Saturday, June 16, 2018

Evanston Gun Turn In Nets 32 guns

The Evanston, Illinois Police Department held a gun turn in on 9 June, 2018. They offered $100 for any gun turned in. People turning in guns had to identify themselves as from a limited geographical area. They had to be residents of Skokie, Evanston, or the North side of Chicago.

It is interesting to note that ID has to be used to turn in guns to the police, but must be forbidden in order to vote.

The requirement for I.D. was likely caused by Second Amendment entrepreneurs who use these events to dump old, cheap, guns.

The advertisement for the event says there will be no arrests; that it is an amnesty event. 

The guns were supposed to be functional. Some amount, to be determined at the gun turn in, would be paid for ammunition and magazines. 32 firearms were turned in for $100 each. There were 6 long guns, and 26 handguns. From
EVANSTON, IL — Police announced 32 guns were brought in to a gun buyback event Saturday at Christ Temple Missionary Baptist Church in Evanston. The buyback brought in 26 handguns and six long guns at $100 apiece. The unwanted firearms are not longer at risk of misuse or entering the criminal market, police said.

Police thanked all the citizens who turned in their guns and said community cooperation made the event a success. The $3,200 in cash that funded the event was provided by an anonymous donor. The buyback was organized by the Evanston P.D.'s Problem Solving Team, according to a release.
The long guns had a couple of collectible items. There appears to be a WWII M1 carbine. Carbines, if they are original, command a good price. Even aftermarket carbines are worth hundreds of dollars. A Winchester Model 1907 is just above the Carbine. They were chambered for the .351 Winchester round, which is expensive and difficult to come by.  The rifles go for about $600-$900.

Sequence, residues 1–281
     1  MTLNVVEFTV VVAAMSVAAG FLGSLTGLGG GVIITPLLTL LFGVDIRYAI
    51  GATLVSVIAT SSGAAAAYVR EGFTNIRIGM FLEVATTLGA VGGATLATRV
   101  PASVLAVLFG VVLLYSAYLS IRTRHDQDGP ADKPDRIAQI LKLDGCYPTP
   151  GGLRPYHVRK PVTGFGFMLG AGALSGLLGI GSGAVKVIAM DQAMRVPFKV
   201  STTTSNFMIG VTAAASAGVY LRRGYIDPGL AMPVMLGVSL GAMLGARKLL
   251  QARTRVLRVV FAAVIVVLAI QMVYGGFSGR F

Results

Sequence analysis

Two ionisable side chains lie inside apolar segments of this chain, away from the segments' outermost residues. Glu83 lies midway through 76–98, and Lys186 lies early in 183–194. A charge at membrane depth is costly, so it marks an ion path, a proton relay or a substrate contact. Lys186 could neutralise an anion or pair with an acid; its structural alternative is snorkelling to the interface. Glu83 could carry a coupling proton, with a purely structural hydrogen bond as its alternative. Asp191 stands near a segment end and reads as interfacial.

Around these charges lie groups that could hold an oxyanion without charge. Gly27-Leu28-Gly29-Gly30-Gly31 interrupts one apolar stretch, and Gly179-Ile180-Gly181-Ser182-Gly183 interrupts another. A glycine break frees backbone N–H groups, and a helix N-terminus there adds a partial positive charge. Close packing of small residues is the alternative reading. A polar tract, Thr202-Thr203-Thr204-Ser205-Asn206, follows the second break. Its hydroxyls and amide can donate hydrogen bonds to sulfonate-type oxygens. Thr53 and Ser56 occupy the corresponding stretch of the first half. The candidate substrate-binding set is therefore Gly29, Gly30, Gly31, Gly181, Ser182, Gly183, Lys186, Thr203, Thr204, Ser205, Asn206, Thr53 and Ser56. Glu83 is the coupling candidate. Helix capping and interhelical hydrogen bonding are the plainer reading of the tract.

It is harder to ID most of the handguns. Several are inexpensive semi-autos. I suspect one of the semi-autos is an Iver Johnson or Erma TP-22. Two look to be the ubiquitous, but reliable, Raven .25.  I see a Beretta pocket top break semi-auto. There appears to be a couple of Smith & Wesson revolvers, but they might be Spanish clones. Taurus or Rossi Revolvers have a similar appearance. An later model H&R is represented just above the single shot shotgun folding shotgun.

One intriguing turn in looks like a Webley top break that was nickel plated, with a 2 inch barrel.  There are a three other older top break revolvers, along with a North American Arms mini revolver.

There is one shotgun with a sawed off barrel, wrapped in something like duct tape.  Those generally require an NFA tax stamp to own legally.

It is unlikely that any of these collectible and inexpensive guns would ever be used in a crime. Even leftist academics agree with that. From  Freakonomics
When it comes to gun buybacks, both the theory and the data could not be clearer in showing that they don’t work. The only guns that get turned in are ones that people put little value on anyway. There is no impact on crime. On the positive side, the “cash for clunkers” program is more attractive than the gun buyback program because, as long as they are being driven, old cars pollute, whereas old guns just sit there.
It is not unusual. Academic studies are in agreement that gun “buybacks” do not reduce crime; that police resources used for them could be better spent elsewhere.

The major purpose of these events seem to be to send the propaganda message: Guns bad, turn them in to the police!

I did not see evidence of private buyers at this event. If any showed up, please let us know about it.

©2018 by Dean Weingarten: Permission to share is granted when this notice and link are included.

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